With the cost of diesel falling, my husband and I decided to drive home for Christmas to see family. We had been in Florence, OR in our RV enjoying the Pacific Coast. Now, we are making our way east in our Prevost, taking our time and enjoying stops at places like the Golden Spike National Historic Site in Utah and Cabella's national headquarters in Nebraska. The scenery is spectacular as we pull off for roadside rests. We're allowing plenty of time to make this run across Interstate 80. Our goal is to stop in Ingersoll, Ontario first then head south to Greensburg, PA. Happy holidays!
Thursday, November 27, 2008
Monday, November 24, 2008
Unimaginable! When people assembled for the Golden Spike Ceremony in 1869, they celebrated the completion of the nation’s first transcontinental railroad. Years before, the idea of creating a railroad to span the vast distance across the US seemed impossible at first. But, technology, human ingenuity, and manpower converged to the join the rails of the Union Pacific and the Central Pacific Railroads- the unimaginable- came true.
I doubt anyone in the crowd at Promontory Summit would have dreamed that a over a century later, not far from there, the same elements of technology, ingenuity and manpower would conquer another vast distance – the distance beyond the land and mountains into the earth’s atmosphere and outer space.
The ATK rocket display on State Route 83 in Promontory, Utah is not a National Historic Site like the nearby Golden Spike. It may take another century for the National Park Service to conceive this idea. Still the ATK rocket display is free and open to the public on the grounds in front of the ATK corporate manufacturing complex.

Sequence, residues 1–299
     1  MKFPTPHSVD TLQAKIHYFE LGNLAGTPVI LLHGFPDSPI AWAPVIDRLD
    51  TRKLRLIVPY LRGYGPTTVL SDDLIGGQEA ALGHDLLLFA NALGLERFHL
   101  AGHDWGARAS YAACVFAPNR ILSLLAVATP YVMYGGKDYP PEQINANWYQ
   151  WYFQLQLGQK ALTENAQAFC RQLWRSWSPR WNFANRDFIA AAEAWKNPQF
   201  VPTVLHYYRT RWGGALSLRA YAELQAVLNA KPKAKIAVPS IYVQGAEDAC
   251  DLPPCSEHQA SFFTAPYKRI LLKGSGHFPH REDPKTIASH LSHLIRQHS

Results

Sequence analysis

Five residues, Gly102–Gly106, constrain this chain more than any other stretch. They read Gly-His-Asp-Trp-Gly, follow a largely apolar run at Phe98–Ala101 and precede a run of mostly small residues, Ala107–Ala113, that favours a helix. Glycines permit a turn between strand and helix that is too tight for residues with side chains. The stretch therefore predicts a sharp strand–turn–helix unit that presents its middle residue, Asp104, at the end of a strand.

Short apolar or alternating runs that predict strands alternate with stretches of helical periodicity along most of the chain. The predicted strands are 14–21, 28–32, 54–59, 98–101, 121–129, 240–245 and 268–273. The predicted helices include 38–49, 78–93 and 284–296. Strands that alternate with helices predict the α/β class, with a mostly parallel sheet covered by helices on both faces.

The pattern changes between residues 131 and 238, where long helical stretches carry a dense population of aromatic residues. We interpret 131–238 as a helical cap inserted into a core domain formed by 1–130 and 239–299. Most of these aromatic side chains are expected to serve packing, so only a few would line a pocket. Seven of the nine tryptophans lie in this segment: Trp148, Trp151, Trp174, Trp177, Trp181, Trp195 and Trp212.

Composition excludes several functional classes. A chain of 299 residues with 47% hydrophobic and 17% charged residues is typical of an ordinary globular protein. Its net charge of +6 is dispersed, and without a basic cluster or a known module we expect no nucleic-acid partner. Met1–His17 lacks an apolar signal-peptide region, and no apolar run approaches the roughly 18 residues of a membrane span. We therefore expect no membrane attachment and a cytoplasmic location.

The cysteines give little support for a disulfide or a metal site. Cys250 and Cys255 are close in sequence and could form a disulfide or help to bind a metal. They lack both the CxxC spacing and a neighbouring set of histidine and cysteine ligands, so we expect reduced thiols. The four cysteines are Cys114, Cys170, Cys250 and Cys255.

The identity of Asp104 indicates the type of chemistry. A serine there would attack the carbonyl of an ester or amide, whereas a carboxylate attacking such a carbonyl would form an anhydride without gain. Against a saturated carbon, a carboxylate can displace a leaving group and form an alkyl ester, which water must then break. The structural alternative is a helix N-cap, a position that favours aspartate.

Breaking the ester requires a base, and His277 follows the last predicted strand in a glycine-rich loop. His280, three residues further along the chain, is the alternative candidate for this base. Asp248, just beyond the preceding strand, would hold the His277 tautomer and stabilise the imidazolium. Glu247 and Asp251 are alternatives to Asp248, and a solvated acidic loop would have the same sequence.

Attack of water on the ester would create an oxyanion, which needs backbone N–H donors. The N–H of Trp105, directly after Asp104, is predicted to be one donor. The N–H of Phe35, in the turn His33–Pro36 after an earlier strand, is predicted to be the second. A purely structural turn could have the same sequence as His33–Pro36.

ATK is a premier aerospace and defense company. It manufactures rocket propulsion systems and strategic missiles – the unimaginable in 1869, reality today. According to Wikipedia, in Utah’s Promontory Mountains, ATK manufactures the solid rocket booster (SBR) for the Space Shuttle. And, after the SBRs are retrieved from the ocean following a launch, they are transported to ATK (formerly Thiokol) for refurbishing. Though the plant and surrounding land is noticeably a secure area, the rocket display is easily accessible.
On display is a Space Shuttle Booster Separation Motor which can travel through the atmosphere at more than 3,000 miles per hour and altitudes of 24 nautical miles. Visitors can also see the TX-486 Patriot, noted as the US Army’s most advanced surface-to-surface defense system. Its engineering began in 1972 and it moved into production in 1981. More historic are the TX-14 Big B, known as “The Klunker” – designed in 1950 for the US Army Ballistic Missile Agency as a test vehicle for high performance propellants and insulated materials – and the TX-10, the 1950s prototype solid propellant rocket motor for the US Army’s surface-to-surface Lacrosse missile that was developed for use against tanks and bunkers.